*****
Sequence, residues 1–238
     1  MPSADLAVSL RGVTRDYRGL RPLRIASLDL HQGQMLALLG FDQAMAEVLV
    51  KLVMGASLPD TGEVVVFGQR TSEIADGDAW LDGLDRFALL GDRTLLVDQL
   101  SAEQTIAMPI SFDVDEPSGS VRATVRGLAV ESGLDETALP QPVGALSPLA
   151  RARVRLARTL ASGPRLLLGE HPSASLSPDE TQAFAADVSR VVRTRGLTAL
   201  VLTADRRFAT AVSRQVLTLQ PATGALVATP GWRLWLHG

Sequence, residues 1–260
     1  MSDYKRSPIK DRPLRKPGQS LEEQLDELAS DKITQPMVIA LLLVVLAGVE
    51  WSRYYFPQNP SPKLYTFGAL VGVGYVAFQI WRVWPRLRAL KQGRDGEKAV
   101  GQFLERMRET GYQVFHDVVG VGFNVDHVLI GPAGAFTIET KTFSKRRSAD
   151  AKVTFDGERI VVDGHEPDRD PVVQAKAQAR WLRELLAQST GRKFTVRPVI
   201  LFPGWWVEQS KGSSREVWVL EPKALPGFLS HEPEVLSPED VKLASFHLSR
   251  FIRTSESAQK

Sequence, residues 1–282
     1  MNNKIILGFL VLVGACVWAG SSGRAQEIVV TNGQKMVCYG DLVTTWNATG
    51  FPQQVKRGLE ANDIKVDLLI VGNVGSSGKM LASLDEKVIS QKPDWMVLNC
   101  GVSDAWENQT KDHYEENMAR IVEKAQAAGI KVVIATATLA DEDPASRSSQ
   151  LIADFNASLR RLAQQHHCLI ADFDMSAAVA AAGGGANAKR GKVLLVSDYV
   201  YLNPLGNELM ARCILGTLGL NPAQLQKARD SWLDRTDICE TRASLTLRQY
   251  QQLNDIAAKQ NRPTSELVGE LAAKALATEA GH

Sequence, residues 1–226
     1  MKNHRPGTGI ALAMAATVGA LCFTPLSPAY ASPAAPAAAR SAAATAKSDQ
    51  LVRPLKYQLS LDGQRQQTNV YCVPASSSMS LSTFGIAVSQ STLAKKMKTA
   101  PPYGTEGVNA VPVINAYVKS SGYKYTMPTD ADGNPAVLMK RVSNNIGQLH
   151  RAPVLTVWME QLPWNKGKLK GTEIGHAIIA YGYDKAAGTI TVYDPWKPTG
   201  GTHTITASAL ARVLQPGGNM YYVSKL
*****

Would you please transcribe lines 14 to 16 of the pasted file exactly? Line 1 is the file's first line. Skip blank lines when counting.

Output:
Sequence, residues 1–282
     1  MNNKIILGFL VLVGACVWAG SSGRAQEIVV TNGQKMVCYG DLVTTWNATG
    51  FPQQVKRGLE ANDIKVDLLI VGNVGSSGKM LASLDEKVIS QKPDWMVLNC